I’m going to do something a little different with this review and put my summary and thoughts together since, being an audible original, this is a different kind of a book in a way. From what I gather, Beautiful is either an off-shoot of a previous story or an expansion of a previous story by Marillier which retells the classic fairy tale, East of the Sun, West of the Moon. This story features the retelling of that tale as well, in the first part, from the POV of the troll daughter.
Now, if you’re at all familiar with East of the Sun, West of the Moon, you know that the troll daughter is one of the antagonists of the original tale. Obviously, here, the story has been flipped a bit and she’s a much more sympathetic character, and our protagonist. If you’re not familiar with the original story I highly recommend it! It’s a story similar to Cupid and Psyche and Beauty and the Beast so if you like those, you’ll probably love it as well.
Our story starts off with Hulde, a young girl raised in a castle on top of a mountain. There are no other children to play with and her mother is cruel. The servants are all human and she knows her mother is different somehow but she doesn’t know that’s she’s a troll because no one tells her, although the servants cower away from her. One summer a bear named Rune comes to the castle and they become friends, he tells her stories and teaches her to read. There are no mirrors and Hulde becomes a bit obsessed with trying to look at herself, wondering if she’s beautiful like the people in Rune’s stories. After the summer Rune goes away and she’s lonely once more until he returns three years later. This repeats until Hulde is fifteen, on the verge of turning sixteen. The only thing Hulde’s mother ever seems concerned with, regarding Hulde, is her marriage to the prince of the far isles when she turns sixteen, someone Hulde has never even met before. As her sixteenth birthday draws near, Hulde learns the truth about Rune and her arranged marriage and decides to take her destiny into her own hands.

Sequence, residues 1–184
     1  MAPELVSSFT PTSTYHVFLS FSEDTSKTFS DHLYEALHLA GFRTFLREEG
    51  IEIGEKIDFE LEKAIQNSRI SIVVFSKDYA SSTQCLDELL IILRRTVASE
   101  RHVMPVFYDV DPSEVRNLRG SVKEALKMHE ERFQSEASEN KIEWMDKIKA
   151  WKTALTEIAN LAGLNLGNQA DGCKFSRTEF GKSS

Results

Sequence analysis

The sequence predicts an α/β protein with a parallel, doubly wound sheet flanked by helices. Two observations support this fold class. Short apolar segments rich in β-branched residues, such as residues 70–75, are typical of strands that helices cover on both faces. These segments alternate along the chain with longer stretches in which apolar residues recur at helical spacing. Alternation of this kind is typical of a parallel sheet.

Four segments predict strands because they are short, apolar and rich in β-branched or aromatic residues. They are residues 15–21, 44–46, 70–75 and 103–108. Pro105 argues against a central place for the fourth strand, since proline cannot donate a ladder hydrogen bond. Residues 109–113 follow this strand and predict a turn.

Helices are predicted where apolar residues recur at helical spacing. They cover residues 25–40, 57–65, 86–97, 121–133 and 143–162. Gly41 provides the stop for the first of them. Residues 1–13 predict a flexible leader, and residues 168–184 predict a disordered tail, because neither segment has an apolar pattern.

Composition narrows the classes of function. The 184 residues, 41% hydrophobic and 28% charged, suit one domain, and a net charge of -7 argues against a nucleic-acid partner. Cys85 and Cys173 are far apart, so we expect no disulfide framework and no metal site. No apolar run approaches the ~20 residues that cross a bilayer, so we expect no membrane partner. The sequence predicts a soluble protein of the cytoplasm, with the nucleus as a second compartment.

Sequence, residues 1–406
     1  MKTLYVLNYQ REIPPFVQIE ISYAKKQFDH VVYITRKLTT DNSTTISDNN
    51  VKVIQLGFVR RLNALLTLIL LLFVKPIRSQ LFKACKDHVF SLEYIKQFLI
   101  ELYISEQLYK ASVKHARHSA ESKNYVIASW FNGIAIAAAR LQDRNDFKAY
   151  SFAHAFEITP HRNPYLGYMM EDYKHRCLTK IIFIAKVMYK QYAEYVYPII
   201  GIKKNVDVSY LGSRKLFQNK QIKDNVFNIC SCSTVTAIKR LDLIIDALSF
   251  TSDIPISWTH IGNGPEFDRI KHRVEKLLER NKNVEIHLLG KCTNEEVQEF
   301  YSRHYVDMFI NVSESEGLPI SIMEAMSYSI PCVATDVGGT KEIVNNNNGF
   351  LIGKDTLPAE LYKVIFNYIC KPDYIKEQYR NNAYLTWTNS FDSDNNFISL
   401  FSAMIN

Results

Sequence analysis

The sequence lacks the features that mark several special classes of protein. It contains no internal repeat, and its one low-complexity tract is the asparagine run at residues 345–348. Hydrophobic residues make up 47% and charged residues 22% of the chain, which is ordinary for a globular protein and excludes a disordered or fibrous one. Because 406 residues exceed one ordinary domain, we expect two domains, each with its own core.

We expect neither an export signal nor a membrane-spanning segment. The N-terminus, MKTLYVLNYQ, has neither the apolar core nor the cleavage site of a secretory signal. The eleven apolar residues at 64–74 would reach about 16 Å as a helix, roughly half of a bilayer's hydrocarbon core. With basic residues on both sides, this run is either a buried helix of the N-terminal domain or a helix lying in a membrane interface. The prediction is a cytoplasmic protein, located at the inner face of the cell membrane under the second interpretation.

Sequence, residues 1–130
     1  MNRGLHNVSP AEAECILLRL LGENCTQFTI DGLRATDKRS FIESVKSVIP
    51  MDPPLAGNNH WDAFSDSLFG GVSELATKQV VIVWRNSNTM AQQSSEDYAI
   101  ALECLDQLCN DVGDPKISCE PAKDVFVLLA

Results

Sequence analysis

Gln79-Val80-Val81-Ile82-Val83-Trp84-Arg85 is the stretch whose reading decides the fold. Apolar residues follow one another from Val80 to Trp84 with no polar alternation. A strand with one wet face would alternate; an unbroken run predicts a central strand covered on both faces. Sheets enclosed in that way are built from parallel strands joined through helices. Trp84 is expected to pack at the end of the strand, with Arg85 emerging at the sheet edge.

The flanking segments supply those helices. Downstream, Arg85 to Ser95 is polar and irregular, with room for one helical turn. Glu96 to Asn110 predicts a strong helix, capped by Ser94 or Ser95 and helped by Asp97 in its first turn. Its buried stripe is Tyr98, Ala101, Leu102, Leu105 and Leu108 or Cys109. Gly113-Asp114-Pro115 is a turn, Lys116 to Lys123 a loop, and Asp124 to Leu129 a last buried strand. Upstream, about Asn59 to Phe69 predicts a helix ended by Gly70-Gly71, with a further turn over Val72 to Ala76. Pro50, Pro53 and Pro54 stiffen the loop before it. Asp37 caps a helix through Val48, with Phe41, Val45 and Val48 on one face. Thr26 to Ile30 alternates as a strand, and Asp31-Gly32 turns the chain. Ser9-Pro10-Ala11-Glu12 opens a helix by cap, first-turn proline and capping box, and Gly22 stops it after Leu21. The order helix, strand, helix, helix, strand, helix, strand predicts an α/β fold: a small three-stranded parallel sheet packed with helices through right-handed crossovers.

Of all the things I love about this book, most of all, I love Hulde’s character! She very much reminds me of Maia from The Goblin Emperor. Here’s a character who has known nothing but abuse and loneliness their entire life. She could choose to be horrible like her mother, it would be so easy, but time and again she makes the decision to be a better person. She says she has Rune to thank for that, and perhaps that’s true as he was the only one to give her any scrap of affection when she was growing up, but I also think it’s something Hulde had inside her all along. It takes Hulde time to overcome her anxieties, but she starts with that first decision and doesn’t look back (too much). Eventually Hulde is less obsessed with beauty, and bravery, kindness, and wisdom become more defining for her. It’s so very easy to feel for Hulde, because we’ve all had times when we felt like we weren’t good enough, or right enough, or outsiders–times when we were lonely or wanted to be loved.
This is very much a story about self-discovery, which is one of my favorite things. Hulde sets out on a journey, and along the way she learns who she is. It’s a literal journey and a metaphorical one as well. I love how this works on many levels when you sit down to think about it. This story also tells us, that if you choose to do the right thing then then you’ll be repaid when you need it. I think that’s a lovely message and even if it doesn’t always work out that way in real life, it’s still always better to be kind. There is such an current of hopefulness that runs through this story that even when things are going bad, you know they’re somehow going to work out in the end.
After reading several books by Marillier she’s come to be one of my favorite authors, and she’s really done fantastic things with this tale. Of course she’s a master of fairy tale retellings, not to mention how fantastic her prose is, but the direction she’s taken with the story and the themes here is great, how she’s flipped things from the source. If you go into this expecting a straight retelling you may be disappointed because it’s really not, it’s so much more it’s own thing and I love that.
There are other things I’d love to say about this book, but won’t mention because spoilers so, in short, I loved this story and I hope you’ll all read it. Right now it’s only available through Audible, but I do hope a print version comes out eventually because it deserves to be shared with more people than those who have access to Audible. 5/5 stars.